No bikes, scooters, skateboards in Alameda parks?

Thanks are due to John Knox White who attended Tuesday night’s Alameda City Council meeting and reported on a municipal code change to ban ‘muscle-powered’ vehicles in city parks. In his post about the meeting (which I urge you to read in its entirety) he wrote:

The council must have been in quite a hurry to get to the budget last night because that’s the only excuse I can come up with for how the council could get into a discussion on banning skateboarding in a parking garage (not a terrible idea) and vote unanimously to ban bikes, skateboards, scooters and ALL muscular powered vehicles from all city parks unless the city puts up signs saying it’s “permitted.”


In the spirit of children’s entertainment, I’ll suggest the council call for a “do over” and bring this back whether a second reading is called for or not.

It would be hard not to think that this action was taken with undue haste. And it sounds like, procedure-wise, the law needs to come up for consideration a second time before it is finalized. Councilmember Frank Matarrese acknowledged flaws in the process. “The discussion around this first reading of the proposed ordinance missed some obvious points,” he wrote in an email. “So I think we have to focus back on the goal of putting safety rules into effect for our parking lots and the parking structure.” You can always email your city council.


  • Shauna

    I am a 39-year old accountant & mother of 2 who rides a skateboard to run errands, not to mention for the sheer joy of it, & I am not thrilled.

  • Robert

    Per this article, the city council “voted unanimously to ban bikes, skateboards, scooters and ALL muscular powered vehicles…”

    I’m a 63 year old grandfather who pulls his two little grandkids onto the park grounds in their coaster wagon. As the wagon has four wheels, is pulled by me, this seems to be a “human powered vehicle”.

    Do I face arrest if I pull them onto park grounds in their wagon?

    Will a three year old riding their tricycle in the park also face arrest?

    Our city fathers have done some really stupid things in the past, but outlawing a 63 year old from pulling his grandkids in their coaster wagon is simply ludicrous.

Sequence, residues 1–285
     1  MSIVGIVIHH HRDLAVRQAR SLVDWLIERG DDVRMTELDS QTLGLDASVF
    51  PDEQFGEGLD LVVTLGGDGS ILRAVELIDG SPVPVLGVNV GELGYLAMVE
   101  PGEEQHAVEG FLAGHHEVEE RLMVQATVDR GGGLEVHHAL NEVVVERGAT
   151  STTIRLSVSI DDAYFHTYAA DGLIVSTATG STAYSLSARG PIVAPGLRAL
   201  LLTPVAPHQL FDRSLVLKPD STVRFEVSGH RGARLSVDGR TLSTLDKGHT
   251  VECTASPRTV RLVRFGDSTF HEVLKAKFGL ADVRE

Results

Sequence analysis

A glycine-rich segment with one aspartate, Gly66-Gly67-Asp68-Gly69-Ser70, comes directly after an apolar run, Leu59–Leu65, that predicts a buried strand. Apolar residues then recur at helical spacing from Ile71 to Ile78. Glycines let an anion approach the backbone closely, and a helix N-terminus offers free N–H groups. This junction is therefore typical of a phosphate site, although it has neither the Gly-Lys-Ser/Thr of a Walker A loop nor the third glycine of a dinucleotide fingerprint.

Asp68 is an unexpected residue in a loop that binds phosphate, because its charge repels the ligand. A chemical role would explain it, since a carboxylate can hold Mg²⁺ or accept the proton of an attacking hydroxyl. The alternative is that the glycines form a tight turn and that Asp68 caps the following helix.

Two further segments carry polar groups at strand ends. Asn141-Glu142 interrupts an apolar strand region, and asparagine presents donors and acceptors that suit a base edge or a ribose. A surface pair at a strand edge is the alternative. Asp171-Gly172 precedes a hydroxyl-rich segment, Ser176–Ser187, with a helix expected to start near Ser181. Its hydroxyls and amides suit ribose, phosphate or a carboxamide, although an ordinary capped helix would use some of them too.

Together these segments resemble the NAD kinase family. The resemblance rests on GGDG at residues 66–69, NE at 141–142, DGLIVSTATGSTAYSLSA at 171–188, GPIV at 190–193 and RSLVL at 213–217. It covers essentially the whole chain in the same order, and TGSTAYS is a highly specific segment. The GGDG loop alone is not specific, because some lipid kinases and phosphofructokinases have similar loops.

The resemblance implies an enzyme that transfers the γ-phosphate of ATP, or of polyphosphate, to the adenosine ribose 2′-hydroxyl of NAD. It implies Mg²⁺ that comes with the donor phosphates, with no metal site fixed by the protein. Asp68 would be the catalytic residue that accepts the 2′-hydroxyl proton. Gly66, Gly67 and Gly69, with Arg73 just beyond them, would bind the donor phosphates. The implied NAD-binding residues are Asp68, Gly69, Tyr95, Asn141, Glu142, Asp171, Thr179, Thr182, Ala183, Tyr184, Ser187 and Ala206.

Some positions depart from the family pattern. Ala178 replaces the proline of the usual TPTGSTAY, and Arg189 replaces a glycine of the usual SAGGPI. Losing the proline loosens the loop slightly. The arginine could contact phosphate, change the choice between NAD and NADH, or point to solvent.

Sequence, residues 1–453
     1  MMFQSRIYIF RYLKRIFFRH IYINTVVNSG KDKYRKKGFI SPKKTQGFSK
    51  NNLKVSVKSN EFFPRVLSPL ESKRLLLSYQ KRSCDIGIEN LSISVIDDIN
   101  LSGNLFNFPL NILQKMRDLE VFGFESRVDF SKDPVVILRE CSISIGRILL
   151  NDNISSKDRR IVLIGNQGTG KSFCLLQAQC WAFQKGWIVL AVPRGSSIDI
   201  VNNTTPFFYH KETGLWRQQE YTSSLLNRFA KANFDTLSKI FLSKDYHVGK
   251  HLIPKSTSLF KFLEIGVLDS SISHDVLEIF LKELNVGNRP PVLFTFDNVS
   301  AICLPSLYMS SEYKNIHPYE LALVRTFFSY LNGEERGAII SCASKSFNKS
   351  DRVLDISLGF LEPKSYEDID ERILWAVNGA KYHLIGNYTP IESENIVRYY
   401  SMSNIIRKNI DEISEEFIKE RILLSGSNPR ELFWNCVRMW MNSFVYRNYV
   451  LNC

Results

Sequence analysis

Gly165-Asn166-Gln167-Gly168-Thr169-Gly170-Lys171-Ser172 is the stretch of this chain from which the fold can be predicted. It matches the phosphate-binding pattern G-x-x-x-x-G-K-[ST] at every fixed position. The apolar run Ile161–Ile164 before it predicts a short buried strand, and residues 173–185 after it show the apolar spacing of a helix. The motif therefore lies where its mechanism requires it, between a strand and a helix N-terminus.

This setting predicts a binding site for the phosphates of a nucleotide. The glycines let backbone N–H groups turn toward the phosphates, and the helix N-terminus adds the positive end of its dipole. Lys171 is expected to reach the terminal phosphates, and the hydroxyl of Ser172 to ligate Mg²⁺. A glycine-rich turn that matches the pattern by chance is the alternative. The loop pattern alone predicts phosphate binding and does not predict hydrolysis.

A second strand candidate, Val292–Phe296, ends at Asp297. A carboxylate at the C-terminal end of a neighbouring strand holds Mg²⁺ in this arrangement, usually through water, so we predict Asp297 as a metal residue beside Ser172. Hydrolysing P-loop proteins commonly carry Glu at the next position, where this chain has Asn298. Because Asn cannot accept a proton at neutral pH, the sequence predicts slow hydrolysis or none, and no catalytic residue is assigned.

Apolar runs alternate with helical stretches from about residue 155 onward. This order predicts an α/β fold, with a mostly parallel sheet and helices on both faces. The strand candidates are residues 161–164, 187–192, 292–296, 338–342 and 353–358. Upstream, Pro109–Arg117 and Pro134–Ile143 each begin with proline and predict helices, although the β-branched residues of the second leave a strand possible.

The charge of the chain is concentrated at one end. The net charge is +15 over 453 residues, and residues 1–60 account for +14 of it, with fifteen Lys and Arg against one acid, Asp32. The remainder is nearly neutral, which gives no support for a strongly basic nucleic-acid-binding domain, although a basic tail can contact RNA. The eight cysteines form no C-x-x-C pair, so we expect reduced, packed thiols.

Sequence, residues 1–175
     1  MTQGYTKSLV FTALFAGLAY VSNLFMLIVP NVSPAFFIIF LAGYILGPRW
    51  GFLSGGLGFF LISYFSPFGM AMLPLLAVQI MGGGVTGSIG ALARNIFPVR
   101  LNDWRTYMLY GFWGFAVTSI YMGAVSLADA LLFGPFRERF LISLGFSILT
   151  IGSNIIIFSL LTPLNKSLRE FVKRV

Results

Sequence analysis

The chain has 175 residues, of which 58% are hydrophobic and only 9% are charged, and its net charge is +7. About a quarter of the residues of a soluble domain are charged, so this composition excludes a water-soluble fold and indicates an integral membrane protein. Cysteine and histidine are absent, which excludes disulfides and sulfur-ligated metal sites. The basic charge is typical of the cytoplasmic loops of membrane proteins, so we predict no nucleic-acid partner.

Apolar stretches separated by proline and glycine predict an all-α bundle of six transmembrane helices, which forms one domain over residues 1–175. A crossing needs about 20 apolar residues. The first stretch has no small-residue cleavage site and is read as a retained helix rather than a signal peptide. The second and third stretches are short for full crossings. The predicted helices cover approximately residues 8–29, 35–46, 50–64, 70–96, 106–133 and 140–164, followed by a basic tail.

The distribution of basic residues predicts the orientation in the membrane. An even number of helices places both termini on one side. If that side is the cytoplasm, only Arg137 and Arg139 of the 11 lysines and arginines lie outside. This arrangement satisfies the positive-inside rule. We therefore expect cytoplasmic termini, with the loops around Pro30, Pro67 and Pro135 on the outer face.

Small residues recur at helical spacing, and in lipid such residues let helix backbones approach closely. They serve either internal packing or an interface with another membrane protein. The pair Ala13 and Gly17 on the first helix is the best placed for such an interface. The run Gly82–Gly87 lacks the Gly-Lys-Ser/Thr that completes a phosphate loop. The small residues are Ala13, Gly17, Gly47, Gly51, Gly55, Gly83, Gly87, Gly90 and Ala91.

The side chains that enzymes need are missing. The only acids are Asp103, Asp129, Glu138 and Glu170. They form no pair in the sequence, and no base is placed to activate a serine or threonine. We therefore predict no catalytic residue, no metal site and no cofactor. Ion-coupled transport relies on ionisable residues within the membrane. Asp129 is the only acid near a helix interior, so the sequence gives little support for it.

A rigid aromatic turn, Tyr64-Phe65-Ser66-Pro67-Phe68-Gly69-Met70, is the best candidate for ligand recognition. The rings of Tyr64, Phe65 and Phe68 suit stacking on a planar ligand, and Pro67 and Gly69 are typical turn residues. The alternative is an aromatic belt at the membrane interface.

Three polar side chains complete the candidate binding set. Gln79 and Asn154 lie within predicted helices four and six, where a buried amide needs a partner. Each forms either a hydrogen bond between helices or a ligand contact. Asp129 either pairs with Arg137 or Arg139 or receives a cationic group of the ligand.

But then again, a minimum IQ is not required for for city council members.

  • LG

    Imagine this, a court case: Obesity v. City of Alameda Parks and Recreation

    Literally speaking, this restriction sounds like it may conditionally include wheel-chairs, strollers, segues, pogo sticks, because they all require some type of muscle-power for machine-like operation. Will city officials and enforcement abide by this as well? Does this ‘amendment’ give privilege to the park services to operate muscle muscle-powered and operated machinery on the park grounds?

    I could see how banning Bikes, Scooters, Skateboards could POSSIBLY reduce drug and criminal activity. No one in city council clearly sated the reason for this passage.

    However, where would I park a bike to if I can’t have it in the park? Will locks be provided for the public or a booth and an attendant at the front of the parks to guard my belongings? Same goes for Skateboards and Scooters? Are we considereing criminlizing park goers, why don’t we just put on metal detectors instead?

    Traditionally, kids and adults biked to the parks just to get out of the house. Truly it would be a HUGE waste of tax dollars if people quit showing up to Alameda parks because their mode of transportation is a bike, scooter, or skateboard.

    Is the city of Alameda planning on accommodating the bike riders a destination?

    Does the city of Alameda recommend we ride our horses the park?

    Come on City Council; get your geese lined-up before the media gets a hold of your ill thought-out plans.

  • Brian

    I have been a resident and property owner in Alameda for some 21 years now. Over the past 21 years I have enjoyed biking and rollerblading through the city streets and parks. I might have even ridden a skateboard a few times. Now I have a young daughter, and we enjoy biking around Alameda and we take trips with the bike and bike trailer to the various parks and events in Alameda.

    Alameda has been slowly improving its bike and recreational access over the years. We appreciate the increased availability and look forward to even more access in the future. In a time when gas is approaching $5 per gallon, the option for us to bike (or rollerblade or skateboard) on our local errands really makes sense. In addition, these modes of transportation are really the only ones available to our youths.

    The proposed change to Alameda’s Municipal Code is a HUGE step in the wrong direction. Banning bikes from the city’s parks (including the bike paths) is just wrong

    The change in the Municipal Code was prompted by skateboarders in the parking structure and skateboarders damaging public property (by sliding on benches, walls, etc). Why not just create the restrictions there?

    – The riding of bikes, skateboards, rollerblades, and other human powered devices (physically impaired persons exempted) could be expressly prohibited above the first floor and on all ramps of the new parking structure.
    – Intentionally jumping, riding, or sliding a skateboard, rollerblades, bicycles, and other human powered devices onto benches, walls, curbs, or other public property not meant for vehicle or pedestrian traffic could be expressly prohibited.

    Why met out collective punishment and design a system that would be expensive to create and maintain?
    Sure, we could print hundreds of signs to tell us where we are allowed to ride… But wouldn’t it be easier to just print a couple of signs to tell the few fools where not to ride?